• Machaneus
  • Dodekateus
  • Eukleios
  • Artemisios
  • Psydros
  • Gamilios
  • Agrianios
  • Panamos
  • Apellaios

per the months of the Antikythera mechanism, which are Epirotic and the order is known from the sequence on the dial of the Antikythera mechanism:

  • ΦΟΙΝΙΚΑΙΟΣ, PHOENIKEOS, Corinthian name, mountain in Corinth
  • ΚΡΑΝΕΙΟΣ, KRANEIOS, Kranion is a region in Corinth
  • ΛΑΝΟΤΡΟΠΙΟΣ, LANOTROPIOS, Heliotropios and Haliotropios (Doric), the Sun changes inclination, hence June?
  • ΜΑΧΑΝΕΥΣ [ΜΗΧΑΝΕΥΣ], MACHANEUS, Mechanic, referred to Zeus, Jupiter that finds new solutions, ΜΑΧΑΝΕΟΣ in Corfu
  • ΔΩΔΕΚΑΤΕΥΣ, DODEKATEUS, ΔΥΩΔΕΚΑΤΟΣ in Corfu
  • ΕΥΚΛΕΙΟΣ, EUKLEIOS,
  • ΑΡΤΕΜΙΣΙΟΣ, ARTEMISIOS referred to Artemis, Diana, ΑΡΤΕΜΙΤΙΟΣ in Corfu
  • ΨΥΔΡΕΥΣ, PSYDREUS
  • ΓΑΜΕΙΛΙΟΣ, GAMILIOS, ΓΑΜΗΛΙΩΝ, seventh month of the Attic year, fashionable time for weddings.
  • ΑΓΡΙΑΝΙΟΣ, AGRIANIOS
  • ΠΑΝΑΜΟΣ, PANAMOS
  • ΑΠΕΛΛΑΙΟΣ, APELLAIOS

Laconian[edit]

  • Herasios (~October)
  • Apellaios
  • Diosthyos
  • -
  • Eleusinios
  • Gerastios
  • Artemisios
  • Delphinios
  • Phliastos
  • Hecatombeus
  • Carneios
  • Panamos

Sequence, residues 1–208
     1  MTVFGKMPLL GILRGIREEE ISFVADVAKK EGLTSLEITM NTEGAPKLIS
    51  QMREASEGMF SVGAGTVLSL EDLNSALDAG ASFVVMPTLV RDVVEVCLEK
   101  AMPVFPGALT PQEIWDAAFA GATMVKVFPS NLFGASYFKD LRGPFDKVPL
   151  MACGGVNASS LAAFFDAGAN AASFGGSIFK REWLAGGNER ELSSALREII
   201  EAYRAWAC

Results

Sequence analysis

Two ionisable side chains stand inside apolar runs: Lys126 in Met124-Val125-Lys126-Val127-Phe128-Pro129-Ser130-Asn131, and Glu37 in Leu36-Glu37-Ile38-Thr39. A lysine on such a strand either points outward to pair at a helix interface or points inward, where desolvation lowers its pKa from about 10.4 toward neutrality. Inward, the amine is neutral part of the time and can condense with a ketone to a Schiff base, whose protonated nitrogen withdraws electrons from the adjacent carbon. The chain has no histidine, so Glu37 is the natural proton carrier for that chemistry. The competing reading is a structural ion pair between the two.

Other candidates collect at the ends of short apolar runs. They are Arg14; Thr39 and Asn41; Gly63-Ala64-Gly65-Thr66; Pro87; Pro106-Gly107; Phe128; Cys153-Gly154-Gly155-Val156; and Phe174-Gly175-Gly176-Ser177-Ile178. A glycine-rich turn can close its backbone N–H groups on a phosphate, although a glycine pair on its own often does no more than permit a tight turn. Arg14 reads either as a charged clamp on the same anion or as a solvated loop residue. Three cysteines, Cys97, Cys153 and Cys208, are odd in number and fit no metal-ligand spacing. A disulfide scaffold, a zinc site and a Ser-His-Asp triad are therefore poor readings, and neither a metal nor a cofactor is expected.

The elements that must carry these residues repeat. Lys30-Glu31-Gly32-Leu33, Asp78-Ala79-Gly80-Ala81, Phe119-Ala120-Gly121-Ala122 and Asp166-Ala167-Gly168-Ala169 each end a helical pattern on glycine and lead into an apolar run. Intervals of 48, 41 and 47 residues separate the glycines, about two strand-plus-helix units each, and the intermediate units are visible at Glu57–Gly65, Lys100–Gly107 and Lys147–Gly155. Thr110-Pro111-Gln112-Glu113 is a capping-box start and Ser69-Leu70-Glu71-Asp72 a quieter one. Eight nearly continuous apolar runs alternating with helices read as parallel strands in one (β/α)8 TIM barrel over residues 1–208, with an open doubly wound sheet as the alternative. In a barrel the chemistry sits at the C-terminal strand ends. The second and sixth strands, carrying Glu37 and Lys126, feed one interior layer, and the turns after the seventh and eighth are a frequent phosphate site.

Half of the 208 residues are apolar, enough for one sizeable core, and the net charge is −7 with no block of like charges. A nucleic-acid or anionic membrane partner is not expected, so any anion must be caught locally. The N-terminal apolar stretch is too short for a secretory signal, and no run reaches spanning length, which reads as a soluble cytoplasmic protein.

Locris[edit]

A number of Locrian calendars are recorded, but only from the 2nd century BC. The Ozolian Locris for practical reasons also had a federal calendar which simply enumerated months from one to twelve. The first month (Protos) corresponds Delphian Boukatios, and the remaining months correspond in sequence to the regular sequence of Delphian months. Separate month names are recorded from the Locrian cities of Amphissa, Physkos, Oianthea, Tritea and Tolophon.[2]

Macedonian[edit]

See Macedonian calendar

  • Dios (~October)
  • Apellaios
  • Audynaios
  • Peritios
  • Dystros
  • Xanthikos
  • Artemisios
  • Daisios
  • Panamos
  • Loios
  • Gorpiaios
  • Hyperberetaios

Rhodian[edit]

on the Rhodian calendar[3]

  • Agrianios (~ 7 January)
  • Badromios
  • Theudasios
  • Dalios
  • Artamitios
  • Panamos and Panamos embolimos
  • Pedageitnyos
  • Hyacynthios
  • Carneios
  • Thesmophorios
  • Sminthios
  • Diosthyos

Sicilian[edit]

  • Thesmophorios (~October)
  • Dalios
  • -
  • Agrianios
  • -
  • Theudasios
  • Artamitios
  • -
  • Badromios
  • Hyacinthios
  • Carneios
  • Panamos

Thessalian[edit]

The Thessalian calendar was standardised only in the Roman era. Previously, all polis had their own calendars based on their respective festivals.[4]

  • Itonios - Ἰτῶνιος (~ August-September)
  • Panemos - Πάνημος
  • Themistios - Θεμίστιος
  • Agagylios - Ἀγαγύλιος
  • Apollonios - Ἀπολλῶνιος
  • Hermaios - Ἑρμαῖος
  • Leschanorios - Λεσχανόριος
  • Aphrios - Ἂφριος
  • Thyios - Θυίος
  • Homoloios - Ὁμολῶιος
  • Hippodromios - Ἱπποδρόμιος
  • Phyllikos - Φυλλικός

References[edit]

  1. ^ cited after Samuel (1972:76f.)
  2. ^ Samuel (1972:76f.)
  3. ^ Origines kalendarlae hellenicae [1] by Edward Greswell
  4. ^ Cult and koinon in Hellenistic Thessaly by Denver Graninger, 87-114.
  • Alan Edouard Samuel, Greek and Roman Chronology: Calendars and Years in Classical Antiquity, Volume 1, Part 7, C.H.Beck, 1972.

External links[edit]